* Not much change in the white bass from last week, as they continue following threadfin shad in the oxbows along with the spots and largemouths near grass mats and extended points breaking off into deep water, where the points drop into 12-20 feet of depth with stumps present. These whites were hitting our custom-painted Little John Crankbaits in Millwood Magic, Bandit 200 or 300 Crankbaits in Splatterback yellow belly, or Rat-L-Trap Spin Traps. Several different schools of whites have been feeding in the oxbows from noon to 4 p.m., with the largest part of the school between 7-10 feet of depth while we were casting to them. Rat-L-Trap MR6 Crankbaits, or a Magnum three-quarter-ounce Rat-L-Trap in Modified Millwood Magic, or an ATV Square Bill in Sneaky Shad have been catching these white bass in the oxbows for weeks. The majority of these whites were feeding aggressively and ranged in size from 2-3 pounds each.
* The crappie bite has been very good, but it slowed down along the Little River with increased river current and river water getting muddy in many locations this past week. Crappie are best using minnows one day, and jigs the next, in planted brush piles 14-16 feet of depth, with catches up to 2.25 pounds each. Bee Lake, Pugh Slough, Saratoga, Okay Landing and the Millwood State Park area were good locations where many of our planted brush piles are located — before the rapid 2-feet rise of lake elevation and increased river flows muddied up many of those areas this week.
* No reports on bream or catfish.


Lake Columbia
No reports.


Lake Erling
(updated 12-7-2023) Lake Erling Guide Service (870-904-8546) has not had any reports of late, but crappie should be biting well now, and catfish have been biting good to excellent all year. The Lake Erling Guide Service store is open daily, 6 a.m. until 8 p.m. weekdays, 9 p.m. on weekends. Also check out Friends of Lake Erling on Facebook for more information and photos, too.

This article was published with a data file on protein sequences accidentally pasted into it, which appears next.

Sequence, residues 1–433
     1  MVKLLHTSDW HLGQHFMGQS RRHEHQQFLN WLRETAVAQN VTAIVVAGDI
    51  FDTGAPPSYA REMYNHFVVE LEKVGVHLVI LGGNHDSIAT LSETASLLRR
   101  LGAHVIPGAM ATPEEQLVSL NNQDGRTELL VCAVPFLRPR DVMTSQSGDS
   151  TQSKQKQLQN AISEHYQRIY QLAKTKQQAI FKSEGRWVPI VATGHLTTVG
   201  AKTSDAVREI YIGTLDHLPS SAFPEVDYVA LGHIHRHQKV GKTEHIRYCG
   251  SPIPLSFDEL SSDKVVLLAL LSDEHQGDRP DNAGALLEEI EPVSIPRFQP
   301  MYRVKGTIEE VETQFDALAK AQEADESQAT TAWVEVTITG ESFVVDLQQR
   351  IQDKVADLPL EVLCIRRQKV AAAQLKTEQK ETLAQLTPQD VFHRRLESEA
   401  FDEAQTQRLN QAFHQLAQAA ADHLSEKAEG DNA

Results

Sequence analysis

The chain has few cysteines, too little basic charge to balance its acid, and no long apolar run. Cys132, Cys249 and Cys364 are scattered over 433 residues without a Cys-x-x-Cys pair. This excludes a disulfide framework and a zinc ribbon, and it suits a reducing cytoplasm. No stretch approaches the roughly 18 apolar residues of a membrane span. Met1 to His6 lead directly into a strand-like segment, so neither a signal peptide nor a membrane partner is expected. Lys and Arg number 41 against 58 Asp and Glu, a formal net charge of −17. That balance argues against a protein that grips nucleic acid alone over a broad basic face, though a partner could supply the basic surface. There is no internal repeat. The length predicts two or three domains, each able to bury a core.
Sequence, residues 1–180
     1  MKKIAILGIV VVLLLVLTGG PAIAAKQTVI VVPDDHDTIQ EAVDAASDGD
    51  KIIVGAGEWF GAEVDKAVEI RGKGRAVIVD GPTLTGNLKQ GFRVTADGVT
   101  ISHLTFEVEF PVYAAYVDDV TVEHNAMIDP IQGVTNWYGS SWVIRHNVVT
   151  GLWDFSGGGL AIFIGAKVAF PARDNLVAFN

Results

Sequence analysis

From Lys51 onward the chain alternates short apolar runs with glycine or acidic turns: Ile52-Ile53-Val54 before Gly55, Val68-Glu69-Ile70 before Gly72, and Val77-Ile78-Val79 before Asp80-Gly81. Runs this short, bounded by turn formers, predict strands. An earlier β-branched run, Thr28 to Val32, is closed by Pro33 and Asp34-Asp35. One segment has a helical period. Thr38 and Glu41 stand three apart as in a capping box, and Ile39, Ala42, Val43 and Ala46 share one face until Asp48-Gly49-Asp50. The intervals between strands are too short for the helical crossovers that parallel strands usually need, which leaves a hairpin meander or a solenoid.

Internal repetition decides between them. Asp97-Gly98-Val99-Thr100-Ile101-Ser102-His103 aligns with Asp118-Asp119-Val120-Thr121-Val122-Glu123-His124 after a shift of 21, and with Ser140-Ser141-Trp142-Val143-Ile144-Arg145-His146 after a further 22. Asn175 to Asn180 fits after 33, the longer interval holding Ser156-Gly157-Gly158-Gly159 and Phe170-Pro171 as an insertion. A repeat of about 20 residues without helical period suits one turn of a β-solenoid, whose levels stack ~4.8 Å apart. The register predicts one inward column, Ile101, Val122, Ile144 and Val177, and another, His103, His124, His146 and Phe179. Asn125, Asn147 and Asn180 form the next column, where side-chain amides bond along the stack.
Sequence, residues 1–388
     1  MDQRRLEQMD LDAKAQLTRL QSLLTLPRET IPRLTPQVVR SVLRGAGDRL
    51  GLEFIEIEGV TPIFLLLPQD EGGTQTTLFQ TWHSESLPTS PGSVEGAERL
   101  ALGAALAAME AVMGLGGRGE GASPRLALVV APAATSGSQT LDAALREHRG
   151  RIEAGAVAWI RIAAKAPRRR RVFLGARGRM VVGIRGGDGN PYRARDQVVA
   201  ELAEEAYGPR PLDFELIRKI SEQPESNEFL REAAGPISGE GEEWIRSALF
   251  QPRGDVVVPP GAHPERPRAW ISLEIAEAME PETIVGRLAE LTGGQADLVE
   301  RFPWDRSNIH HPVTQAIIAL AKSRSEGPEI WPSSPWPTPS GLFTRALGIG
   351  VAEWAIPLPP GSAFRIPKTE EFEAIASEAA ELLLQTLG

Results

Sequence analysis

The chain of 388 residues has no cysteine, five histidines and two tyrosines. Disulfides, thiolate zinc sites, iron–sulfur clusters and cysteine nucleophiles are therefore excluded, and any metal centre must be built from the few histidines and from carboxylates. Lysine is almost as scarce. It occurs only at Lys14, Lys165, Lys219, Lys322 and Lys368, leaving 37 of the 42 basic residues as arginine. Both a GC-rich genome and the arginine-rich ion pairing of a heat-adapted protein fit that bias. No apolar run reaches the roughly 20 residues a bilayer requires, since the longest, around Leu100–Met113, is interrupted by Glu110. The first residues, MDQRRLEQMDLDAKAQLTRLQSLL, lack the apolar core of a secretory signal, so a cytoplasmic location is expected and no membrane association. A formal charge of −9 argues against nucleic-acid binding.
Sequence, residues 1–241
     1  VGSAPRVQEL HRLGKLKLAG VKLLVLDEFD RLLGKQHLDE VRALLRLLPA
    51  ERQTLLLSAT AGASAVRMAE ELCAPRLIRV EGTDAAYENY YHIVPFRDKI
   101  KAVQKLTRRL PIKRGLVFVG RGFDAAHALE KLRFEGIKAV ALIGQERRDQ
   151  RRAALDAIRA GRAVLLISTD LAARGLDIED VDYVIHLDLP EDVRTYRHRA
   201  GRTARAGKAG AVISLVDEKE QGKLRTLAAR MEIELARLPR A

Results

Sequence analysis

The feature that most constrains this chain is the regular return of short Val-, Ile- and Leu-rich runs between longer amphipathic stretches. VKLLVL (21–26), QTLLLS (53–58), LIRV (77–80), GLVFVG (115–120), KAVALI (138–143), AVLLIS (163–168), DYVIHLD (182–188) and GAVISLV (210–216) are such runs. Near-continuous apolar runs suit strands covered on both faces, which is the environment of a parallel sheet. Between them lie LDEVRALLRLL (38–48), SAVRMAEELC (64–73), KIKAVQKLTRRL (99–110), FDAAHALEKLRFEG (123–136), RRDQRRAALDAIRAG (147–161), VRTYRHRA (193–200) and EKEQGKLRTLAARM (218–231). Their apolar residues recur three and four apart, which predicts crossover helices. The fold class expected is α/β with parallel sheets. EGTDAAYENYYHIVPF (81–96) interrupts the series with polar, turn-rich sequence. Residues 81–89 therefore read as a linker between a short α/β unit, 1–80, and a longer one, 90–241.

Lake Greeson Tailwater
For the most updated Narrows Dam generation schedule from SWEPCO, click here.


Lake Greeson
For the most updated lake level at Lake Greeson, click here.

No reports.


DeGray Lake
For the most updated lake level at DeGray Lake, click here.


De Queen Lake
For the Army Corps of Engineers’ real-time lake level and outflow report from De Queen Lake, visit the Corps’ Little Rock office website.


Dierks Lake
For the Army Corps of Engineers’ real-time lake level and outflow report from Dierks Lake, visit the Corps’ Little Rock office website.


South-Central Arkansas

White Oak Lake Area
No reports.


West-Central Arkansas

Lake Catherine Tailwater (Below Carpenter Dam)
For weekly flow releases from Carpenter Dam, visit

(updated 12-7-2023) Shane Goodner, owner of Catch’em All Guide Service, reports that both lakes Hamilton and Catherine are drawn down 5 feet for the winter. The public is urged to download the new Entergy Hydro-Operations page that gives out up-to-date information on all things concerning local lake news. The 5-foot drawdown will be in place until early March. Water temperature below Carpenter Dam has fallen to 50 degrees with clear conditions in the tailrace. This water level creates a dangerous environment for boaters as many underwater obstructions come into play as fishermen attempt to navigate the tailrace. Extreme caution is advised for boaters and wade fishermen alike during these months of low water levels. Entergy has scheduled a minimum flow pattern for Lake Catherine, but this can change with any rainfall or energy demand. Possible severe weather is forecasted for Saturday this week bringing heavy rains, wind and hail. Expect high generation flows and open floodgates below Carpenter Dam should this storm reach severe levels.